NEW YORK, Oct. 5, 2020 /PRNewswire/ -- The global medical technology (medtech) industry, along with many others, has been adversely impacted by the COVID-19 pandemic. In 2019 the medtech industry showed record growth with revenue up 6.3% to $407.2b. The outlook is very different for 2020. The 2020 EY medtech report, Pulse of the Industry, found that in the first half of this year, roughly two-thirds of US commercial leaders (medtechs with more than $500m in annual revenue) and conglomerates with medtech divisions saw revenues drop by 5%, but the collective outlook remains positive.
Due to the high growth of R&D investments and continued investor confidence, the medtech industry is likely to see a quick rebound even as some figures declined. Total M&A deal value from July 2019 to June 2020 plunged 60%, from $67.6b to $27.1b, and medtech valuations fell along with the broader market, bottoming out in late March 2020. Yet, by the end of August 2020, medtech's valuations were up 50% compared with January 2019, and big medtech players may be contemplating a surge of acquisitions in the near future.
Arda Ural, PhD, EY Americas Industry Markets Leader, Health Sciences and Wellness, says: "COVID-19 had an acute impact on the medtech industry during the second quarter of 2020, delaying or postponing elective surgeries and leading to deferral of revenue. However, the underlying health of the medtech sector remains robust thanks to its operational performance, continued investor confidence and resuming M&A activity. The shift toward digitalization, telehealth and remote-operated business models is accelerating as a silver lining to the tragic impact of COVID-19, but executives will have to adapt to operating in a highly uncertain environment in the foreseeable future."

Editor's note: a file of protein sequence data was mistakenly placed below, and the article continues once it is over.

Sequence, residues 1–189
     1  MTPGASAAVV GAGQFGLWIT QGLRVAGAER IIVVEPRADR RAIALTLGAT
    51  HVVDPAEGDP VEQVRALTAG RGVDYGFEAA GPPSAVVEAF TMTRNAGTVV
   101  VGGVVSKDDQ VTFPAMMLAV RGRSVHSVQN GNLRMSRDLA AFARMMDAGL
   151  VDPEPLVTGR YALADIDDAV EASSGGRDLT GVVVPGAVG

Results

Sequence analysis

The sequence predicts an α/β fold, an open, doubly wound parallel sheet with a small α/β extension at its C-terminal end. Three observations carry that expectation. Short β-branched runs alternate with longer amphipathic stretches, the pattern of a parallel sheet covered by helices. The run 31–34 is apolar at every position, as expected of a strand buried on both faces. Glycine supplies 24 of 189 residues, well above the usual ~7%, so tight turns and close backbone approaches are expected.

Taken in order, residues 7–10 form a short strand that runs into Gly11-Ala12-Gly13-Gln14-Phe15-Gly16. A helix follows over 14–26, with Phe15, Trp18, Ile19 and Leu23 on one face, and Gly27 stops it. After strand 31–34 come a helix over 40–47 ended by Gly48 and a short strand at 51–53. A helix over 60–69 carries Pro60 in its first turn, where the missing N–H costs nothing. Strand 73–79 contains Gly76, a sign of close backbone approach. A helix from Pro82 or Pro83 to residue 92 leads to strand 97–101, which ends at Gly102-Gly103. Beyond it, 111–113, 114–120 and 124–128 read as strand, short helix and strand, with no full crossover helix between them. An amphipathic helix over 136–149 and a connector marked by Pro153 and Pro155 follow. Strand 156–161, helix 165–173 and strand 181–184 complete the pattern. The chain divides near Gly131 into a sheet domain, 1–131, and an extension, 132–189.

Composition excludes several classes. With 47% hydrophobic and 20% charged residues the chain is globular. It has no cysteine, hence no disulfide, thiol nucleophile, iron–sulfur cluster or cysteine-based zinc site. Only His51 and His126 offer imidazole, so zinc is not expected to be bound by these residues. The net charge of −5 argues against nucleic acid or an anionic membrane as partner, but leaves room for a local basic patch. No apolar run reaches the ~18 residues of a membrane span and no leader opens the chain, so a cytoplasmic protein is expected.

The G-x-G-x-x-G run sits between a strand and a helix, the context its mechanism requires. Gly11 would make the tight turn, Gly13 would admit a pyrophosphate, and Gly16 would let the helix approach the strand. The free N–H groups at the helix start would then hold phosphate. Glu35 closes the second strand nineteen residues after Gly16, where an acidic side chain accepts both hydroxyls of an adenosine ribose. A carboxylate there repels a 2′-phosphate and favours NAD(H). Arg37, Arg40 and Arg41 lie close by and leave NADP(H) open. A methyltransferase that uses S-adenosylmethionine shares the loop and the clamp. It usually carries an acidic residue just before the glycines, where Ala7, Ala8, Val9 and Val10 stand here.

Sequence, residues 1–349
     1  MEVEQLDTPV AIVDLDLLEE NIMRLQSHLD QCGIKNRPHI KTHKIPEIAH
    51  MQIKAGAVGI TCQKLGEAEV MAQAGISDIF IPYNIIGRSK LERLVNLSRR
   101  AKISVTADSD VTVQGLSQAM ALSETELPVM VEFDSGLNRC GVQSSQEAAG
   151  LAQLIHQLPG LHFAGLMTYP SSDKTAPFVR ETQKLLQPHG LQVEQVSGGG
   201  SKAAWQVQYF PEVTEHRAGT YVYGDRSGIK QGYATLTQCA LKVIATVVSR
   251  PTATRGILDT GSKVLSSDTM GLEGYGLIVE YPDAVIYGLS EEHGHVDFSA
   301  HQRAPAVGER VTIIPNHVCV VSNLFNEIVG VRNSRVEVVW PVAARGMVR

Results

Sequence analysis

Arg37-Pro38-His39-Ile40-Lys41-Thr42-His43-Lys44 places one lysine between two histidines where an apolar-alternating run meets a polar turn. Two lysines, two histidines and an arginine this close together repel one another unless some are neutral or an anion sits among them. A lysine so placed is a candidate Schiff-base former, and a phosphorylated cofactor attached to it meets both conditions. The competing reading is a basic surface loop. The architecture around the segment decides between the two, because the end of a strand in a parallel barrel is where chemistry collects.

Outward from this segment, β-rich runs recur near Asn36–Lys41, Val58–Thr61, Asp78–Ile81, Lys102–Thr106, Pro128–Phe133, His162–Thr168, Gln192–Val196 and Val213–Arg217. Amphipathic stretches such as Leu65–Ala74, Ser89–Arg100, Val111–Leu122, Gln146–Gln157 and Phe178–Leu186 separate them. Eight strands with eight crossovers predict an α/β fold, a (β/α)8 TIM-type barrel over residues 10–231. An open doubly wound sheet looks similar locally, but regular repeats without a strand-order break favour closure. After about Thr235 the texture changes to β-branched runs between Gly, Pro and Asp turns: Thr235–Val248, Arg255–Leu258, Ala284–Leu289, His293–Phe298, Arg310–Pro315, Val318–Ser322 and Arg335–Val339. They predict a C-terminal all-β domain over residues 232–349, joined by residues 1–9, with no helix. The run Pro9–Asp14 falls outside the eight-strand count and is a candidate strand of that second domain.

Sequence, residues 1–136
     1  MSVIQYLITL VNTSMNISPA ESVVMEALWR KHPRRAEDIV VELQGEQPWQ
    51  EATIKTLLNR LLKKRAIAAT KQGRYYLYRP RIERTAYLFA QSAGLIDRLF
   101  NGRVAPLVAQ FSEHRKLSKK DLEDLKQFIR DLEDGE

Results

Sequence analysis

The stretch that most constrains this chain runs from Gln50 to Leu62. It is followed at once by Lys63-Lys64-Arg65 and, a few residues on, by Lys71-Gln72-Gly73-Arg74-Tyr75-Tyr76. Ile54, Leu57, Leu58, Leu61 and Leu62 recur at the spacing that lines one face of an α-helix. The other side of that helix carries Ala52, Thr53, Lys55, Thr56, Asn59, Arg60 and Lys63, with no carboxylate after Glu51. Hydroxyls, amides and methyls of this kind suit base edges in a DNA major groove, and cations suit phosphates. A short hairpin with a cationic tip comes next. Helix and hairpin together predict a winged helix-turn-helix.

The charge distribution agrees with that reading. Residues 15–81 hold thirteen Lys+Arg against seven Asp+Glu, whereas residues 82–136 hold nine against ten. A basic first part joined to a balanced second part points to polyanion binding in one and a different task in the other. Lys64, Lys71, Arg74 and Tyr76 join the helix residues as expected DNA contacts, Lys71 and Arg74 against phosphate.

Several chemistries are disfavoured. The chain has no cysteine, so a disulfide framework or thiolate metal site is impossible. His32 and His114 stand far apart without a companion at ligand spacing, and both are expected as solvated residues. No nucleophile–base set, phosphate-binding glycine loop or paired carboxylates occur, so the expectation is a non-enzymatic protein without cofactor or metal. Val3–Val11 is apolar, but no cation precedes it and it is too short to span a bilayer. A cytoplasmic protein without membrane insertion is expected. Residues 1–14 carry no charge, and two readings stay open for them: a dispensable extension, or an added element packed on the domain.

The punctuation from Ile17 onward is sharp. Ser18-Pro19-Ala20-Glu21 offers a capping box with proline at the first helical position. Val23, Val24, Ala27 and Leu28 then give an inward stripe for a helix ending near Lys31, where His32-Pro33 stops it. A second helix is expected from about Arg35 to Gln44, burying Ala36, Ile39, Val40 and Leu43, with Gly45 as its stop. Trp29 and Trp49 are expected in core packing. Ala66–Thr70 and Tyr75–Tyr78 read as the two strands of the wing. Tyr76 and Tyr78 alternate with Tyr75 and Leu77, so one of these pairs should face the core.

The EY medtech report further highlights the supply chain challenges — such as a small base of suppliers and export issues — brought to light by the onset of the COVID-19 pandemic. AdvaMed and EY recently hosted roundtables together gathering medtech CEOs, and through those discussions, found that this crisis has underscored the limitations of the existing supply chain model. Building transparency and resiliency into supply chain operations is key to the industry's long-term health and, although this has been an ongoing challenge in the past, medtech companies are now working together to solve the problem.
Jim Welch, EY Global Medtech Leader, says: "While the financial performance was way down in the first half of 2020, the impact of the medtech industry during this global health crisis has never been greater, from mass-producing ventilators, sterilizing equipment and personal protective equipment to inventing and distributing the rapidly expanding range of diagnostic tests, the industry, collectively, met the challenge of the global pandemic. Medtech's work has saved lives, allowed medical facilities to keep running, enabled patients to be treated in hospitals or at home, and overall made it possible for normal operations to be maintained, while simultaneously also helping health systems, governments and the general public wage a global health battle on a scale not previously seen this century."